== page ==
Mem Inst Oswaldo Cruz, Rio de Janeiro, 103(2) March 2008
Molecular and morphological characterization of heterorhabditid entomopathogenic nematodes from the tropical rainforest in Brazil
ILEF/CCTA, Universidade Estadual do Norte Fluminense Darcy Ribeiro, Av. Alberto Lamego 2000, 28015-620 Campos dos Goytacazes, Rio de Janeiro, Brasil
IIDepartamento de Parasitologia/ICB2, Universidade São Paulo, São Paulo, Brasil
Despite massive losses of primary forest, the Amazonian rainforest remains an extremely rich source of biodiversity. In recent years, entomopathogenic nematodes (EPNs) have been isolated from soil in various parts of the world and used successfully as biological control agents against numerous insect pests. Therefore, a sampling in the rainforest of Monte Negro, Rondônia, Brazil was conducted with the aim of discovering new strains and/or species of EPNs for future development as biological control agents. From 156 soil samples taken at nine collecting sites, 19 isolates were obtained, all of them belonging to the genus Heterorhabditis. Four strains were subjected to detailed morphological and molecular evaluation. Based on morphometrics and internal transcribed spacer (ITS) sequence data, the strains LPP1, LPP2 and LPP4 were identified as Heterorhabditis indica, whereas LPP7 was considered Heterorhabditis baujardi. Comparative analysis of the ITS1 sequence of H. indica and H. baujardi isolates showed a polymorphic site for the restriction enzyme Tth 111 that could be used to distinguish the two species. Consequently, strains LPP1, LPP2, LPP3, LPP4, and LPP9 were identified as H. indica, whereas LPP5, LPP7, LPP8 and LPP10 were identified as H. baujardi.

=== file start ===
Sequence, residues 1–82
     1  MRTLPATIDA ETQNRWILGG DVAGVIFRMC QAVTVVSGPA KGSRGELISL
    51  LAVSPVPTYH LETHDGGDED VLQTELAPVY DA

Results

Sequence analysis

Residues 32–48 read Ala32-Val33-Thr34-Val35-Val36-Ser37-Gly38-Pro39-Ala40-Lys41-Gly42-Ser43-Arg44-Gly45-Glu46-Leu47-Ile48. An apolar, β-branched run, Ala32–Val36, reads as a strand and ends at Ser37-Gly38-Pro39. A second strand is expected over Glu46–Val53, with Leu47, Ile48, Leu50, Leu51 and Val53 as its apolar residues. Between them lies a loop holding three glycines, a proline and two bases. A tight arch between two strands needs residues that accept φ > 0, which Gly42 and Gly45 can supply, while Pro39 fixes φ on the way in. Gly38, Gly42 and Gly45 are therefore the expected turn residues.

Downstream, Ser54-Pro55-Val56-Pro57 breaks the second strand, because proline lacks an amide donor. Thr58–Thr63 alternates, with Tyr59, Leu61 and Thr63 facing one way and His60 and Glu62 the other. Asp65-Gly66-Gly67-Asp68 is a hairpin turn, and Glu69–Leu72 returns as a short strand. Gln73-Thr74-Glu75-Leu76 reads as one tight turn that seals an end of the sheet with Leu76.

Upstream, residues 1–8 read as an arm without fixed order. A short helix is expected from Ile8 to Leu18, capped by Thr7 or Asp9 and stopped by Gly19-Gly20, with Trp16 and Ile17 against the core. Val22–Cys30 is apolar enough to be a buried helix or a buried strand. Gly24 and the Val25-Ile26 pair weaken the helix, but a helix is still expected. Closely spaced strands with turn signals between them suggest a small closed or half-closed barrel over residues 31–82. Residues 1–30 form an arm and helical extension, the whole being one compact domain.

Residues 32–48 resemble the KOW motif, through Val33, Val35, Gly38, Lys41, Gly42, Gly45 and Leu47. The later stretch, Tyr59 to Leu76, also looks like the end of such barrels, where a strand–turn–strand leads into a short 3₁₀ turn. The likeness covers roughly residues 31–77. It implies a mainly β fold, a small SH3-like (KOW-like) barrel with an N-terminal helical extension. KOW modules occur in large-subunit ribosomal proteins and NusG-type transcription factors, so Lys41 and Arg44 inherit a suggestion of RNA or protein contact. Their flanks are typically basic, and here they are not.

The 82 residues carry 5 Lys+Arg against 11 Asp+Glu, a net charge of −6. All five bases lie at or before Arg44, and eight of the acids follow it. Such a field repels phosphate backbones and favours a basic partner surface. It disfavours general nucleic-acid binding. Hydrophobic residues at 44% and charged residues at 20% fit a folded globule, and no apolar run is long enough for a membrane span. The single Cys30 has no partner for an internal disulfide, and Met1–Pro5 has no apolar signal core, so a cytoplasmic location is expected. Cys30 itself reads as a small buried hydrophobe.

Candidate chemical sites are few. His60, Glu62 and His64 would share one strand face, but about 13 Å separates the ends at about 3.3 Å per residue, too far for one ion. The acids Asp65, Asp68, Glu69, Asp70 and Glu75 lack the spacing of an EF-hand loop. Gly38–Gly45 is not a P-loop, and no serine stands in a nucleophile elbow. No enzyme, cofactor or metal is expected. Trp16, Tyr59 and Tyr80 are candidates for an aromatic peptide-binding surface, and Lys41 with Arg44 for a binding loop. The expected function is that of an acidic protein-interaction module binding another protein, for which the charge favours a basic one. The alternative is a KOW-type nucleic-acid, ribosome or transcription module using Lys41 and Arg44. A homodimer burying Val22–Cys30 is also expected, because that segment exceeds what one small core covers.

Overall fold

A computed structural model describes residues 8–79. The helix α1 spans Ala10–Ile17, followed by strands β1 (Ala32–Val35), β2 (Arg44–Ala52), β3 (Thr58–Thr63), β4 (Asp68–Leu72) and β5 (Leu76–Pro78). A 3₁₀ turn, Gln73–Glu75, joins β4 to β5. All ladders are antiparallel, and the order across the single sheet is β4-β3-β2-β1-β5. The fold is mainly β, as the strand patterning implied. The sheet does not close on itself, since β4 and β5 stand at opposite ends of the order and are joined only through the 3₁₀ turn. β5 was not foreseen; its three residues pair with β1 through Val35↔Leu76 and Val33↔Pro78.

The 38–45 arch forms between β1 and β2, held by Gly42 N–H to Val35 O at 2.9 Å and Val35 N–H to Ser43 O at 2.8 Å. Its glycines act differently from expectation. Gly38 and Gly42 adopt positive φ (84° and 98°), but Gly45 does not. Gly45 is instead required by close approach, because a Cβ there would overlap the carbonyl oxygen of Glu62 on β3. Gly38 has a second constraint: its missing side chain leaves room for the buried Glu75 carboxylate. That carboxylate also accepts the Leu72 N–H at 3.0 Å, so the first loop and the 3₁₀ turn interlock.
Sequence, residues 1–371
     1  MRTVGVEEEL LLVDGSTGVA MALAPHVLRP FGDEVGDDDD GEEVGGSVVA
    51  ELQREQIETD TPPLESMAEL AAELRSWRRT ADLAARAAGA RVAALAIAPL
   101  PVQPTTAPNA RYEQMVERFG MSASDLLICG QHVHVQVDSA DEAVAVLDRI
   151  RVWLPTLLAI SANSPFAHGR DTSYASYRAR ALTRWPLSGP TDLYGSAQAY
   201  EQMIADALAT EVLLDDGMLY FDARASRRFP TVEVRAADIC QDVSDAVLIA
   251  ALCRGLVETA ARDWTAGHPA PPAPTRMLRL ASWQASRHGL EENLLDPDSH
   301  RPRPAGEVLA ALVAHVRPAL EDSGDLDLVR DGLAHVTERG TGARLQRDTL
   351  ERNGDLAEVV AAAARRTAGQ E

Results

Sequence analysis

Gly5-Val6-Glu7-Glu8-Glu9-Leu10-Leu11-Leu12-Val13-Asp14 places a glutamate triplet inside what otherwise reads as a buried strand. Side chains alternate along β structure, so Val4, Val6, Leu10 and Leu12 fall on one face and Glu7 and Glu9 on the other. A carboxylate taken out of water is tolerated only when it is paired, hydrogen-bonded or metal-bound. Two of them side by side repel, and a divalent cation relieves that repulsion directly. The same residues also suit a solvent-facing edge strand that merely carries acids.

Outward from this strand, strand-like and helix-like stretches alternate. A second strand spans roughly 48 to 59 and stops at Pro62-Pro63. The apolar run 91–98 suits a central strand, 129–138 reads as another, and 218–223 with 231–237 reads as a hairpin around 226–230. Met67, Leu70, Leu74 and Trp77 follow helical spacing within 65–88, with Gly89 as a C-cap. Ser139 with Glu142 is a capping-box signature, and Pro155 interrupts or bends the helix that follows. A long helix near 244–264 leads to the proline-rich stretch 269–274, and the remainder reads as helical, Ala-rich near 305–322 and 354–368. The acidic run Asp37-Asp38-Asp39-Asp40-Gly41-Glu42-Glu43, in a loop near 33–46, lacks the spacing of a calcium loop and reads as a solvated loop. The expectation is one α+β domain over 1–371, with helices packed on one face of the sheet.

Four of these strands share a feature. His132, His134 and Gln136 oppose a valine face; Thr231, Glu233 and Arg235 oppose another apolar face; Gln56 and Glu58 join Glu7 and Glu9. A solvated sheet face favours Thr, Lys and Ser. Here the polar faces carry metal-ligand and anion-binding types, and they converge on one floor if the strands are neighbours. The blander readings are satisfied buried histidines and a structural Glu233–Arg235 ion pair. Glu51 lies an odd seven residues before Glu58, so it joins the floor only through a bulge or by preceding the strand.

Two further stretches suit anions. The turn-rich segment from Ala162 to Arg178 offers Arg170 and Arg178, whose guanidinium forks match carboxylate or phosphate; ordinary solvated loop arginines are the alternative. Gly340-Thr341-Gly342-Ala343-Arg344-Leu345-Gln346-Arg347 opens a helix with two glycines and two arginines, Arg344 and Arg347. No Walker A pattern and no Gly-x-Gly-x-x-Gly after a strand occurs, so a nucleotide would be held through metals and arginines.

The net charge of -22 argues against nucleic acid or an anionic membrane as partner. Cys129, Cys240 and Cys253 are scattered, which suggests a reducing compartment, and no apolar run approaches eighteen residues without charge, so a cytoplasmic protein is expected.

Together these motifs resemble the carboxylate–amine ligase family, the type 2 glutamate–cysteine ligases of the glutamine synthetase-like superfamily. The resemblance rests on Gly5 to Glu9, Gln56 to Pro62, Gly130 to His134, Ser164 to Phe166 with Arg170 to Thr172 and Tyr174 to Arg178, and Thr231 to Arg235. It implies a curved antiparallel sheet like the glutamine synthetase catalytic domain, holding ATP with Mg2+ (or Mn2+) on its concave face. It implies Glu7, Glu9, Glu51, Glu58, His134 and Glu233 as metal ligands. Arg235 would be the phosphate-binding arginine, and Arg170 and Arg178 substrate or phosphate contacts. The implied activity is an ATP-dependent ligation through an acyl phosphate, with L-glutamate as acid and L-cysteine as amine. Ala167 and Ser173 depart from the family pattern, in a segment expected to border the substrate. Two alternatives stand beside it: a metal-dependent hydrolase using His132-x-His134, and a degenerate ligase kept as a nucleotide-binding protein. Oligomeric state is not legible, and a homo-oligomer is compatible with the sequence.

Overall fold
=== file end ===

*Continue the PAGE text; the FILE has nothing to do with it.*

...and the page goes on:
Entomopathogenic nematodes (EPNs) of the families Heterorhabditidae and Steinernematidae are obligate parasites of insects and are frequently used as biological control agents of economically important insect pests. The two major genera are Heterorhabditis Poinar, and Steinernema Travassos, with 43 and ten species, respectively (Adams et al. 2006). Surveys for EPNs conducted in various parts of the world reveal that these genera have global distributions. To date, the only places where these nematodes have not been found is Antarctica (Hominick 2002). During the 1990s, most published surveys had insufficient data to test for correlations between habitat variables and EPN distributions (Hominick et al. 1996). However, as more surveys occurred, with larger sample sizes and more accurate identifications, some habitat associations were proposed. Heterorhabditids were thought to be associated with sandy coastal soils but more and more Heterorhabditids have been reported away from coast lines, and these include Heterorhabditids indica Poinar, Karunakar and David (Poinar et al. 1992, Phan et al. 2003), Heterorhabditids mexicana Nguyen, Shapiro-Ilan, Stuart, McCoy, James and Adams (Nguyen et al. 2004), and Heterorhabditids bacteriophora Poinar (Stock et al. 1996). Thus, it is likely that EPN habitat preference reflects the prevalence of suitable hosts (Hominick 2002) and species-specific environmental adaptations (Smits & Ehlers 1991), with each species being physiologically and behaviorally adapted for survival in a range of different habitats. In the Azores, H. bacteriophora displayed no habitat preference and was recorded from cropland, woodland, pasture, orchard and native vegetation (Rosa et al. 2000). Similarly, in New Jersey, H. bacteriophora was found broadly distributed in turf and weedy habitats (Stuart & Gaugler 1994). Recent surveys in tropical forests indicate that the most common nematodes in this habitat are H. indica and Heterorhabditids baujardiPhan, Subbotin, Nguyen and Moens (Mason et al. 1996, Josephrajkumar & Sivakumar 1997, Phan et al. 2003).